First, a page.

The Post profile does include some other basic info:
Crenshaw's father's career in the oil and gas industry took the family to Ecuador and Colombia, where Crenshaw went to high school and learned Spanish. Captivated as a child by the SEAL memoir "Rogue Warrior," he was commissioned as a naval officer in 2006 and underwent SEAL training, fracturing his tibia during its infamous "hell week" but completing the challenge on his second go-round. He deployed twice to Iraq and then, in 2012, to Afghanistan.
Then there’s the SNL drama:
Weirdly, his election wasn't the biggest news in Crenshaw's life last week. That came during the first minutes of Nov. 4 on the "Weekend Update" portion of "Saturday Night Live," when cast member Pete Davidson, who gave a riff on the midterms, presented a photo of Crenshaw, eye patch on.
“You may be surprised to hear he’s a congressional candidate from Texas and not a hit-man in a porno movie,” the comedian joked. “I’m sorry, I know he lost his eye in war or whatever.”
You also know — #SIGH — that one Donald Trump must enter the story. It appears that Crenshaw has been candid there, as well:
In a 2015 Facebook post flagged by one of his opponents, Crenshaw called candidate Donald Trump an idiot and referred to his rhetoric on Muslims as “insane,” according to the Texas Tribune. Three years later, Crenshaw says he supports the president’s policies, save for the trade warfare, but prefers to comport himself in a manner that is the total opposite of the commander in chief’s.
“His style is not my style,” Crenshaw says. “I’ll just say that. It’s never how I would conduct myself. But what readers of The Washington Post need to understand is that conservatives can hold multiple ideas in their head at the same time. We can be like, ‘Wow he shouldn’t have tweeted that’ and still support him . … You can disapprove of what the president says every day, or that day, and still support his broader agenda.”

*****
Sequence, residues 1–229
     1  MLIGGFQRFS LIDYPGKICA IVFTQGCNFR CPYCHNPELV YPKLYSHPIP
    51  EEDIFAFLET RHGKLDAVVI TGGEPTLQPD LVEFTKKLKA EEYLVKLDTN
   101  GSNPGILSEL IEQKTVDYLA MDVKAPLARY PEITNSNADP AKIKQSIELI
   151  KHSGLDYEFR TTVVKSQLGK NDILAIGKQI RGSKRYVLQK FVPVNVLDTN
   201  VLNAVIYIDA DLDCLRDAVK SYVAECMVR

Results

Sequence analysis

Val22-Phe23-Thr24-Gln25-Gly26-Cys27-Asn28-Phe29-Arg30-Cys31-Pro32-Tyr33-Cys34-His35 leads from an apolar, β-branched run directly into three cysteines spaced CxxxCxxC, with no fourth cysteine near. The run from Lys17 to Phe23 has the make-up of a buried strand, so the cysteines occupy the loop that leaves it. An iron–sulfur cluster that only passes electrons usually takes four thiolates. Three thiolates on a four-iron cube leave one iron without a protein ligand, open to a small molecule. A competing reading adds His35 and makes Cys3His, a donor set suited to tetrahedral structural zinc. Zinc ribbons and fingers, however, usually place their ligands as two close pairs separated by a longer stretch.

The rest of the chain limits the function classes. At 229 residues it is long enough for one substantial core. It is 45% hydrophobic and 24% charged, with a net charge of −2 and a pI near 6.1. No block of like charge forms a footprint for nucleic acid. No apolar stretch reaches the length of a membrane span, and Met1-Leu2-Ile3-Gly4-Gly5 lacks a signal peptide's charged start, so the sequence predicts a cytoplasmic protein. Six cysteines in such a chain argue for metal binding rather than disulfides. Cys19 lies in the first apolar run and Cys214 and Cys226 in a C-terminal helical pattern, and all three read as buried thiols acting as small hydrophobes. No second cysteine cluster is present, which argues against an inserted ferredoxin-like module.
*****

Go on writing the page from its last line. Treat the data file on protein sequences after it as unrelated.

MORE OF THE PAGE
A quick glance at his political views indicates that he is pro-life and that, on the tricky issue of gay-marriage, he is saying that the courts have made a decision about that. At the same time, he is a strong defender of religious liberty, in terms of the conscience rights of religious believers to practice their faith.
So, to make a long story short, I wish political-desk folks at the Post had asked a few religion questions about this Texas comet. Maybe newspapers in the Southwest can do that?
I also liked this passage from an op-ed that Crenshaw wrote for the Post, in the wake of the SNL appearance.
Let’s end with this:
How, then, do we live together in this world of differing ideas? For starters, let’s agree that the ideas are fair game. If you think my idea is awful, you should say as much. But there is a difference between attacking an idea and attacking the person behind that idea. Labeling someone as an “-ist” who believes in an “-ism” because of the person’s policy preference is just a shortcut to playground-style name-calling, cloaked in political terminology. It’s also generally a good indication that the attacker doesn’t have a solid argument and needs a way to end debate before it has even begun.
Similarly, people too often attack not just an idea but also the supposed intent behind an idea. That raises the emotional level of the debate and might seem like it strengthens the attacker’s side, but it’s a terrible way to make a point. Assuming the worst about your opponents’ intentions has the effect of demonizing their ideas, removing the need for sound counter-reasoning and fact-based argument. That’s not a good environment for the exchange of ideas.
Stay tuned. This appears to be a tough, determined man. You think?